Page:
"It's the final countdown de de de duh, de de de duh de...." So here we are 364 days after we left an overcast Teddington, we stand on the precipice of our return to the days of yore, and, as sure as night follows day, that having avoided various deadly diseases around the world one or both of us will contract swine flu back in England within a week. So, settle down for the final instalment of the 'Honeymoon Travels'. The soap box has been dusted off and few extra steps have been added for the denouement of one amazing year in our lives.
Before we get to the "world as we see it", there is a little matter of the last 7 days that have taken us from Luang Prabang, Laos all the way to Bangkok. When you left us last we were getting down with the kids at the Big Brother Mouse Project. Three days of answering how long we had been in Luang Prabang and if we liked it or not was enough to drive anyone to the edge of insanity and hard reminder to me that 'lesson planning', or rather a lack thereof, is the death to any classroom, not that I was in charge I hasten to add, but an incredibly rewarding experience nonetheless.
Our sleeper bus to the Thai border had all the makings of another classic Asian bus journey, not content with turning the vehicle into Noah's Ark and a cesspit for all manner of bodily fluids, the addition of a semi naked man and naked children was a new one on us. Seriously, I know it's bedtime but you are on a bus with 40 other people - a little reserve please. It just wouldn't be an Asian bus without a randomly timed food stop, this time at a couple of shacks by the road deep into the Laos countryside where such delights as 'unidentified rodent on a stick' and 'frog on a stick' lurked on the buffet plates. You could argue this was no worse than a motorway cafe on the M40 and at least over here they are honest about what they are serving you.
Ejected at Huay Xai, a brief boat trip over the Mekong takes you to Thailand where we made our way to that bastion of expats, Chiang Mai. A little cooler than the rest of the country thanks to its elevation, it's a quirky little place with everything on tap for the traveller/holiday maker at competitive prices. Surrounded by a moat around the old town, it's another place that lives and breathes markets that over the weekend boot the cars off the road to make way for row upon row of stalls. For me it was a good place to start putting back on a few of those lost pounds as in between the craft and clothes stalls are vendors selling all the Thai food you could want at knockdown prices. Having turned 30 (thank you for all the birthday wishes) it is somewhat disturbing to now weigh what I did at the start of the 6th form but have 10% of the hair on my head than I did then and 300% more of it coming out of my nose and ears. Chiang-ers was a great place to relax a little and to celebrate the big day with a day's Thai cookery course out on an organic farm where all the ingredients are picked fresh. I am now very much the modern man having over doubled my repertoire of dishes and in fact, if you only include the dishes I knew that didn't have toast as the main ingredient , I've actually quadrupled what I knew. Thai food is surprisingly simple to cook and I look forward on our return to showing you all.....the pictures of what we cooked.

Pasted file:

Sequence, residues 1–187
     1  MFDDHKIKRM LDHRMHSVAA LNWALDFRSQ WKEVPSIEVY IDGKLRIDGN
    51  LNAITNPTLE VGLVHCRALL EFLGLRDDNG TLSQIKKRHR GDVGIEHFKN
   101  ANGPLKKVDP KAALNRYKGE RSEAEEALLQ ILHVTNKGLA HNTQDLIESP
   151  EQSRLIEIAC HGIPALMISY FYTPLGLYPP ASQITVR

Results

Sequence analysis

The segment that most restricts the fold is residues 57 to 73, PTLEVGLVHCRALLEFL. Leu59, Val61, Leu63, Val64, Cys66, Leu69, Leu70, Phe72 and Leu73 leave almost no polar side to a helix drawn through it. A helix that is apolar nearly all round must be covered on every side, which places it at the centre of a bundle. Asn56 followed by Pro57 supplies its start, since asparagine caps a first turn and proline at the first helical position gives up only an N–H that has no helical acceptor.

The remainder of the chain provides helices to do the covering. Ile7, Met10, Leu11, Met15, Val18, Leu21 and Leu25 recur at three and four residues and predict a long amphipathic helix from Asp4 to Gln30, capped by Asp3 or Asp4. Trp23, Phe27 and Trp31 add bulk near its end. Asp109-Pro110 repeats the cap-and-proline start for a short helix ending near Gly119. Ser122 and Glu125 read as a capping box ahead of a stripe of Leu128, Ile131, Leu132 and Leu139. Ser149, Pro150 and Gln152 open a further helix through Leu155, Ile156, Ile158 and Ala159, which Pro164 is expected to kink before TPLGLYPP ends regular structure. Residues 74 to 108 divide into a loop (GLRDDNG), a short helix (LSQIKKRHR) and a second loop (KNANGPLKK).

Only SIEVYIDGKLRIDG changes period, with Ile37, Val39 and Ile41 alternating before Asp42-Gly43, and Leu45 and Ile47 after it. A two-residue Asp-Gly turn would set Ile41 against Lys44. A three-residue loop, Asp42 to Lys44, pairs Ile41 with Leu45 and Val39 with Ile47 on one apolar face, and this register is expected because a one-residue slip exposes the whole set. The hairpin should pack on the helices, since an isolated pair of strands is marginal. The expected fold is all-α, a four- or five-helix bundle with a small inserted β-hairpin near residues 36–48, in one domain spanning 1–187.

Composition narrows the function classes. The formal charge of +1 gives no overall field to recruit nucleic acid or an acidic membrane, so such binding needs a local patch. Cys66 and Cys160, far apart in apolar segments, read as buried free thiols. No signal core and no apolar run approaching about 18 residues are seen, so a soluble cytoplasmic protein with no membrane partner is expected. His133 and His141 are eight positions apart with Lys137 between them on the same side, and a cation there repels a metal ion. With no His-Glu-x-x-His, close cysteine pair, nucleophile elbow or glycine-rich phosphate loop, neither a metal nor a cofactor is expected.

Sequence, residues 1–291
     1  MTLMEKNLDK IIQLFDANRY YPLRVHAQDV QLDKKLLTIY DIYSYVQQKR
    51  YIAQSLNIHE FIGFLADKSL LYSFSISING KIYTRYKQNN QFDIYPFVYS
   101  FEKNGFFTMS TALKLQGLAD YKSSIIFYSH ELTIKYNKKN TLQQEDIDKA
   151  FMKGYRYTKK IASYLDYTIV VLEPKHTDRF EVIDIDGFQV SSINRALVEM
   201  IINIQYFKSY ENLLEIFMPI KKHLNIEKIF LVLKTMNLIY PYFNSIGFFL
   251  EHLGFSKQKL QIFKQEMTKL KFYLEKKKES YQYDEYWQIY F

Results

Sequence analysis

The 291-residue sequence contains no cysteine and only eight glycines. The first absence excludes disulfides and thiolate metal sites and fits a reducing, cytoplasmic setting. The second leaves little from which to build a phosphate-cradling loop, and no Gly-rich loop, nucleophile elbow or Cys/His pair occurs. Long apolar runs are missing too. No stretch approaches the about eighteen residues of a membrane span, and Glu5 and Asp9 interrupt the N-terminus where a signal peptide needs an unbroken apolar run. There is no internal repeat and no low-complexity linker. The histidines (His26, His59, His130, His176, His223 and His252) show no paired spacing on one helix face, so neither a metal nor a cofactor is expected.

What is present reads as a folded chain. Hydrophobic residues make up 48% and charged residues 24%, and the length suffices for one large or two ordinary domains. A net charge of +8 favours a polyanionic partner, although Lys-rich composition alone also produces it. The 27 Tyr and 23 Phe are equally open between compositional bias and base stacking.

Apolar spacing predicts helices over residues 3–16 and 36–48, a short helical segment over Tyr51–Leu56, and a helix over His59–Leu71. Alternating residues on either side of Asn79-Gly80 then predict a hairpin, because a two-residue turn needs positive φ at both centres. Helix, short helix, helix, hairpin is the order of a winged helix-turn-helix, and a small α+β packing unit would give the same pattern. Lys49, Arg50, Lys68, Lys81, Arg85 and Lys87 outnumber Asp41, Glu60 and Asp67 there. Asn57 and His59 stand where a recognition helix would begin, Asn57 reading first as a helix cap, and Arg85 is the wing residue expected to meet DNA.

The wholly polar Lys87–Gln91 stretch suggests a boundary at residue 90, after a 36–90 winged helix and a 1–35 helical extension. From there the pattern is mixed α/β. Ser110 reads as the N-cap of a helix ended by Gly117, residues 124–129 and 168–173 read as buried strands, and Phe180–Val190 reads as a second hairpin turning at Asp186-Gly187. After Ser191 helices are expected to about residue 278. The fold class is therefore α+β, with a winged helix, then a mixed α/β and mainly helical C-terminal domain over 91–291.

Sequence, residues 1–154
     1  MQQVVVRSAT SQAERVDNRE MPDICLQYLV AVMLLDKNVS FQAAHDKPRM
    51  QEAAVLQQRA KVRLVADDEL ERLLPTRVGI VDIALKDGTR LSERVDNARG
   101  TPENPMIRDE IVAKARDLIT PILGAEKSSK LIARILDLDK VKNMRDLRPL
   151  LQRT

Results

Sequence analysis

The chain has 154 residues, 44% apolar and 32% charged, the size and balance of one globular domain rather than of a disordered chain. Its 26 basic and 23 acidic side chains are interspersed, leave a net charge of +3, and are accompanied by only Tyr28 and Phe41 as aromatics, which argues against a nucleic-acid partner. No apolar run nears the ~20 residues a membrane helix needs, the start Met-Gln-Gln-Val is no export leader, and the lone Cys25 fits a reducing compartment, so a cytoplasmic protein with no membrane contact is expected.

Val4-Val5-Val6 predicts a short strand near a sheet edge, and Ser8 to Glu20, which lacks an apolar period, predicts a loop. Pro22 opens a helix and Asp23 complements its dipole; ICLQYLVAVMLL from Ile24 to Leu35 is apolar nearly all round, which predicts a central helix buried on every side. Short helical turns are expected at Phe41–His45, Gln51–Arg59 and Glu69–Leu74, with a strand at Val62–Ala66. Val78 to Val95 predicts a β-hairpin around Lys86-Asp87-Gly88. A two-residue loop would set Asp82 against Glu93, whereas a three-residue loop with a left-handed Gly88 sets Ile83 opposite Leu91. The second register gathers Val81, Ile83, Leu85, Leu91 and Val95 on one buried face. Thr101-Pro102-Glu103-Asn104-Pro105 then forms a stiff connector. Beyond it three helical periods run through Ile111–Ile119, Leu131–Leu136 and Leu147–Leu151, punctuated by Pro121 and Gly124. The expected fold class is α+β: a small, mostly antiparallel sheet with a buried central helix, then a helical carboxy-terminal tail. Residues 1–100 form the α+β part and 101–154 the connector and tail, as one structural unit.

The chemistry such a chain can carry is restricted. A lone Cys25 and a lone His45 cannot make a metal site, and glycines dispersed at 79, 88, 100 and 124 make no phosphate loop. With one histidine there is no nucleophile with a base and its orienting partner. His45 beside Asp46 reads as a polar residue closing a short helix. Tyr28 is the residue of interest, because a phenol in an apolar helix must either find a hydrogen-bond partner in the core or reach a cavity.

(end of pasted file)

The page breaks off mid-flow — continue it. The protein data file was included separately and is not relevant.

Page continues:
And so, the penultimate leg of our journey was one final night bus down to Bangkok. Arriving in the capital at 6am it was good to realise that not a lot had changed about the place - a taxi driver still tried to charge 100 Baht per person to an unsuspecting couple to take them to the Khao San Road that was 100m from where we were standing. So the Thai fisherman pants have been loosened a little along with the purse strings and we are desperately buying up all the souvenirs we have held out against over the last 12 months. Added to that we are making the most of the cheap massages, food and gawping at the sex tourists in Nana Plaza before they're all gone in a single 13 hour plane journey
So it's back to life and back to reality, except this year has been all about reality albeit a different one to that which we have been used to the rest of our lives. In fact to suggest that this year should be considered in isolation and not bear any influence on the way we live our lives from now on would some how betray the essence of this travelling malarkey. Particularly as we return as two adults with established lives and careers where any changes to our lifestyle are more tangible as opposed to the 21 year old graduate who still has no idea what they want to do with their life.
Now I'm going to preface the following by saying that there is an enormous amount of drivel written about the travel in general and its meaning, much of it by strange bearded gentlemen who appear to have been clothed by the 'House of Jesus', and it is found in the guestbooks of establishments all over the world. But the thing is is that travel is an intensely personal experience for every group or couple, but more importantly for every person as an individual. So far be it for me or anyone else to tell you what you should think about anything. If you agree with the sentiments articulated in this blog then great, but if you haven't then good for you, but this is our perspective and the way we have seen it over our year away. So here goes....mounting the soap box.